Smokin' the Martha's Vineyard Blues
I generally do my best to avoid situations where I might encounter creatures that are mean and have the potential to inflict bodily harm — hunting Cape Buffalo or shopping in a mall — the exception is fishing for bluefish.
On Wednesday, the last week in May, I finally had a day off from work when the wind was not blowing out of the north more than 20 knots. It was my first trip of the fishing season in my Tashmoo-18 skiff, and sea conditions were mirror calm as I exited Tashmoo Pond and headed west.
I planned to fish for black sea bass in the depths off Seven Gates. But I changed my heading when I saw a flock of terns gingerly picking bait off the sea’s surface as rising fish dimpled the water just past Cedar Tree Neck.
Pomatomus Saltatrix — Latin for Cuisinart with fins — is as ornery as anything that swims in island waters. Terns instinctively avoid diving into the water when blues are present, wisely picking off frantic sandeels from the surface on the fly.
Generally, when blues are actively feeding, a section of broom handle with a hook cast into their midst will draw a strike. But not always, and this was one of those days.
The blues were slurping up tiny sand eels and showed little interest in my trolled offerings. But when I cast a thin, reflective metal lure known as a Deadly Dick (I don’t name ‘em, I just fish with ‘em), I finally had a strike from a big blue that weighed about 8 pounds — no easy fish to bring to the net.
With one fish in the boat, I sought two more — the recreational limit is three fish. Enough filets to fill my Masterbuilt Smoker.
I worked hard for my second fish. But before I could catch a third fish, the tide went slack and the fish disappeared. I spent some time drifting for sea bass, but after forty minutes and one keeper-sized fish I was bored. I returned to Cedar Tree and added a third bluefish destined for the smoker to the cooler.
When I fish for blues I use a lure with a single hook, which reduces the risk of one of several things occurring when you attempt to unhook a fish, all of which will ruin your day: the bluefish clamps down on your finger; the bluefish jumps, and you hook yourself on the lure; the bluefish bites you, and you hook yourself — Ouch.
Mean or not, blues deserve respect for their table qualities. They often get a bad rap which I think is attributable to poor handling the moment the fish leaves the water. If I keep a blue for the table, I cut its gills to bleed it and get the fish on ice as soon as possible.
Respect for the fish encompasses those fish we plan to release. Honestly? There is no need to treat a bluefish like a member of Congress. Blues may be tough, but they are not indestructible. Don’t stomp on a blue to hold it still. It’ll damage its internal organs.
I prefer to smoke my bluefish. It’s a bit of a process when done correctly, but well worth the time. I skin my bluefish and cut it into sections that I soak in a brine overnight. There are a lot of brine recipes. This is one I adapted that I found on “Dave’s Cupboard.” You’re not refining uranium. Be creative: 1-quart water, ¼ cup soy sauce, ¼ cup kosher salt, ¼ brown sugar, 1 tbsp Old Bays, 1 tbsp mustard … and anything else you like.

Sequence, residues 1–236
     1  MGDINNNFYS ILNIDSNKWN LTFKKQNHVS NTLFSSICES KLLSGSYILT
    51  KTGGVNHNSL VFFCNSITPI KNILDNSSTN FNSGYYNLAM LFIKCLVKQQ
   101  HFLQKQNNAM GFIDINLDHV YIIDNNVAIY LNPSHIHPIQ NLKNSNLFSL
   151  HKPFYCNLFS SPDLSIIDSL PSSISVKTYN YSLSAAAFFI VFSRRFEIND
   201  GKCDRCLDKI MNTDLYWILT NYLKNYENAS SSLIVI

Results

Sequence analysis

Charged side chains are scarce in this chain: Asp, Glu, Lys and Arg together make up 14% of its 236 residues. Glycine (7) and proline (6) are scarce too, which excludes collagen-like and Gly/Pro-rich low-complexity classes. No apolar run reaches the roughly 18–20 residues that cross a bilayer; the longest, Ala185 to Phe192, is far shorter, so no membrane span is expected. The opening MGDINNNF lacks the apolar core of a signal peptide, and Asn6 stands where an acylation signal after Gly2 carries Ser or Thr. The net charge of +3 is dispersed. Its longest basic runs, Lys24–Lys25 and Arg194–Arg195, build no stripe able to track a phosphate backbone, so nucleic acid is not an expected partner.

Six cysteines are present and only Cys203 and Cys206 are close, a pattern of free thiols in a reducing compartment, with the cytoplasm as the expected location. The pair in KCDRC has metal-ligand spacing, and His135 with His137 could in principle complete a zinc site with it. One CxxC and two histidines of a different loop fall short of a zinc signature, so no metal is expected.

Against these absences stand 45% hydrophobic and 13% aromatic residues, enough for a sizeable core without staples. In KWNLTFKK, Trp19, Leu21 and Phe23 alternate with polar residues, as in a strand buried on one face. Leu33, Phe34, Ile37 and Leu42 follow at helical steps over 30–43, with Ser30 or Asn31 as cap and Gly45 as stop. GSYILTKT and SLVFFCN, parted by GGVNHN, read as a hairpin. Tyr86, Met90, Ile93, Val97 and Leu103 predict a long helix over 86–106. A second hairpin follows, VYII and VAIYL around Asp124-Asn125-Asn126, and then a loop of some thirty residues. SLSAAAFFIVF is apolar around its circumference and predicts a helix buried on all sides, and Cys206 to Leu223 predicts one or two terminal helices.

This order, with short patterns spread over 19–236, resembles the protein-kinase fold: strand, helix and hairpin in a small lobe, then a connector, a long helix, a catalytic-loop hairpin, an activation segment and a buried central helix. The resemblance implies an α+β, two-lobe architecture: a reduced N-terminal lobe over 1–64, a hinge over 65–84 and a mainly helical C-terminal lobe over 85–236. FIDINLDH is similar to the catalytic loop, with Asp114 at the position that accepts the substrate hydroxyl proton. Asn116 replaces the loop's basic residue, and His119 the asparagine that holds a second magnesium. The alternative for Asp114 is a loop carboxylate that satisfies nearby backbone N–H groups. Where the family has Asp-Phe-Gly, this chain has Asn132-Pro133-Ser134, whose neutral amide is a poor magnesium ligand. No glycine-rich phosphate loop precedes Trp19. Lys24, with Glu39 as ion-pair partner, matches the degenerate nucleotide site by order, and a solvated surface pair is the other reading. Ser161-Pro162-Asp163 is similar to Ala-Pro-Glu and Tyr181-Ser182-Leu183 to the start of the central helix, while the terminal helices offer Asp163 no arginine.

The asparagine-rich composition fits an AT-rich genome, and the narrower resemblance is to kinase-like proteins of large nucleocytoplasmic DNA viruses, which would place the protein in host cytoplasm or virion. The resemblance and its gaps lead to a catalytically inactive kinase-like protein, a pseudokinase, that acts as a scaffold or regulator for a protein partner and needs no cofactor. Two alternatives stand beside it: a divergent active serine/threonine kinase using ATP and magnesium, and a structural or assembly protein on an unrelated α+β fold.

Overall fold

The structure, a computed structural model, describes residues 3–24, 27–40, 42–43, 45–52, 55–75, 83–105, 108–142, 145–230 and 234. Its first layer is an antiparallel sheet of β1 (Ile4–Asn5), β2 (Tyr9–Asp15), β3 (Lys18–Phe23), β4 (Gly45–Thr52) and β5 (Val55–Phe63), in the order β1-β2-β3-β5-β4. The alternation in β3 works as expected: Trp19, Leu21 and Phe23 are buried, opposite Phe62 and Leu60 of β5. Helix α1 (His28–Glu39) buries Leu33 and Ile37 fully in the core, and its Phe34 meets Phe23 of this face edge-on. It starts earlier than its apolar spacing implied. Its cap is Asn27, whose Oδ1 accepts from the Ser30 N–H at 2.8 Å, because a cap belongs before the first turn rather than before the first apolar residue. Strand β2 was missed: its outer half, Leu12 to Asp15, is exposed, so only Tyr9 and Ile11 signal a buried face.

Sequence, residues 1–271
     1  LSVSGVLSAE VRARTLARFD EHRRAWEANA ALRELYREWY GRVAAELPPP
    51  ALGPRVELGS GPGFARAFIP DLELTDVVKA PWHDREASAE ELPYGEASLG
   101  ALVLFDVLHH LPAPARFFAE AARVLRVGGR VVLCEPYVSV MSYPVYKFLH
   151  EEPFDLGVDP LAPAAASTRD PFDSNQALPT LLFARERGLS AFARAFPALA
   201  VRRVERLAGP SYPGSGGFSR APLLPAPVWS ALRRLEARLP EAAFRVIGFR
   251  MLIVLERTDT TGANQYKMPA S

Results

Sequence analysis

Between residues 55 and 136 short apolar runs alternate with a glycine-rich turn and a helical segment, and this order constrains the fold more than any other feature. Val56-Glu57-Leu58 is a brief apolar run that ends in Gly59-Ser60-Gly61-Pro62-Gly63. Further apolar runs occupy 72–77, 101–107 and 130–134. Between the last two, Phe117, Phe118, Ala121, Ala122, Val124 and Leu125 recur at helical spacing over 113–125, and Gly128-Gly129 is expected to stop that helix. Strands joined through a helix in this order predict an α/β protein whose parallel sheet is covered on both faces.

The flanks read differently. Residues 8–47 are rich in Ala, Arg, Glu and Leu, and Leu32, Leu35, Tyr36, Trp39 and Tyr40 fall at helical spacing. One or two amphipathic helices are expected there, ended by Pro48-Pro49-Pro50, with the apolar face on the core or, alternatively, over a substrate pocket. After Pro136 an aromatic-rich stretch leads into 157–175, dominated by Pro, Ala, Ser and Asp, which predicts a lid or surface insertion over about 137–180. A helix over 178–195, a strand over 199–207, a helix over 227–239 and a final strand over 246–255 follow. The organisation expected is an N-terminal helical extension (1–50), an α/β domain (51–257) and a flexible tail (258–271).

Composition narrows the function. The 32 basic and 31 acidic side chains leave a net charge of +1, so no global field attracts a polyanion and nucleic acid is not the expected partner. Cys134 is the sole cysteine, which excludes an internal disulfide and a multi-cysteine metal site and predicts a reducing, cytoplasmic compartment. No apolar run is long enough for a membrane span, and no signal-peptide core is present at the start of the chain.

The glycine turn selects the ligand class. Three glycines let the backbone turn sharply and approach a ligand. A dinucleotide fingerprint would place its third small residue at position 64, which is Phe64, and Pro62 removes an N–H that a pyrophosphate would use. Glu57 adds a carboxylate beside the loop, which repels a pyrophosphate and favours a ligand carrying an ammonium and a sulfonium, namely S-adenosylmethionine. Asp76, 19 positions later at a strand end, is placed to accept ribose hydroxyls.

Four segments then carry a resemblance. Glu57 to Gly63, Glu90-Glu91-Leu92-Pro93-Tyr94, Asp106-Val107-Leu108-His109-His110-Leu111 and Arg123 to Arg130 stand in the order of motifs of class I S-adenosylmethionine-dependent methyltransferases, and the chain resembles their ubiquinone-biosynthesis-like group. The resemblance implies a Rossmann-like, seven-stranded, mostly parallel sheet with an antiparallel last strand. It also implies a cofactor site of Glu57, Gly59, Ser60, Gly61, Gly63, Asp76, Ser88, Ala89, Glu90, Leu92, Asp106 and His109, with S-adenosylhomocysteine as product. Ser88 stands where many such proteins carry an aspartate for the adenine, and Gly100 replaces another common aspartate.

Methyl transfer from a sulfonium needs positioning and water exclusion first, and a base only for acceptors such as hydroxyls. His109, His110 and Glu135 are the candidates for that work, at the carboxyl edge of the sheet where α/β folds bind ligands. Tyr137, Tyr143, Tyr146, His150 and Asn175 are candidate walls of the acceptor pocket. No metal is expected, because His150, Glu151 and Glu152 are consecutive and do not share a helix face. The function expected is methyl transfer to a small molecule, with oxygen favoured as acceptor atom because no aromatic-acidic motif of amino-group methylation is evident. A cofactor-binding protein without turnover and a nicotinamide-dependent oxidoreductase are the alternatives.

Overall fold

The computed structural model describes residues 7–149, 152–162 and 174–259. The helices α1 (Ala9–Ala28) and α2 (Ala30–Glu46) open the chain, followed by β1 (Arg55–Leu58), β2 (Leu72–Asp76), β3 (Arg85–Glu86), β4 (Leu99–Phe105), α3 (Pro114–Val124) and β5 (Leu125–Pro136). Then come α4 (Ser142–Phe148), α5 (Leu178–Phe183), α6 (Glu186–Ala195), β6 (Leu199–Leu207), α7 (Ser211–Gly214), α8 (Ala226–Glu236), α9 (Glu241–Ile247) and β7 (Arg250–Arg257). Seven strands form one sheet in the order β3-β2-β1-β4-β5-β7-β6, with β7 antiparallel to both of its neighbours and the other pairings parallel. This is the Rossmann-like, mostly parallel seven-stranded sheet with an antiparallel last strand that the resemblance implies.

Ensure all the ingredients are dissolved, and the brine is cold before you soak the fish. I use a plastic tub, but in the past, I put it in the refrigerator’s vegetable bin (I have an understanding wife).
The next day I rinse the fish and dry the fish with paper towels, then let it sit on a grate until it gets dry and tacky. This is a necessary step that helps the smoking process. You can do this in the refrigerator or in a cool, dry basement. I let this batch sit for three hours.
The final step is the smoke. I used apple chips and let the fish smoke at 200 degrees for close to three hours. I took out a few thin tail pieces when they were good and brown. I’ll use those to make bluefish dip.
This season, Island fishermen will pursue bluefish, and dedicated striped bass fishermen, who eschew the use of wire leaders, will rue their presence with grudging respect. In that sense, little will have changed in more than a century.
In 1881, writer and fisherman Francis Endicott traveled to the Cuttyhunk Club, just across Vineyard Sound. It was one of many private striped bass clubs, that included the Squibnocket Club, where men of wealth and privilege caught big striped bass that regularly exceeded forty pounds from “bass stands,” walkways from which to cast, erected over the large boulders along the shoreline.
A local known as the “chummer” would ladle bits of menhaden into the water to attract the bass. The chummer was also responsible for breaking up the lobster the fishermen used as bait.
“It is true that chumming attracts other less desirable fish,” Mr. Endicott wrote of his experience fishing at the club. “Your bluefish has an insatiable appetite and a keen nose for a free lunch. We say this ruefully as we reel in and put on a fresh hook to replace the one just carried away. Egad! That fellow struck like a forty-pound bass, and cut the line as clean as though he had carried a pair of scissors! What a game fish he is! He fights to the very last and only comes in when he hears that the struggle is becoming monotonous.”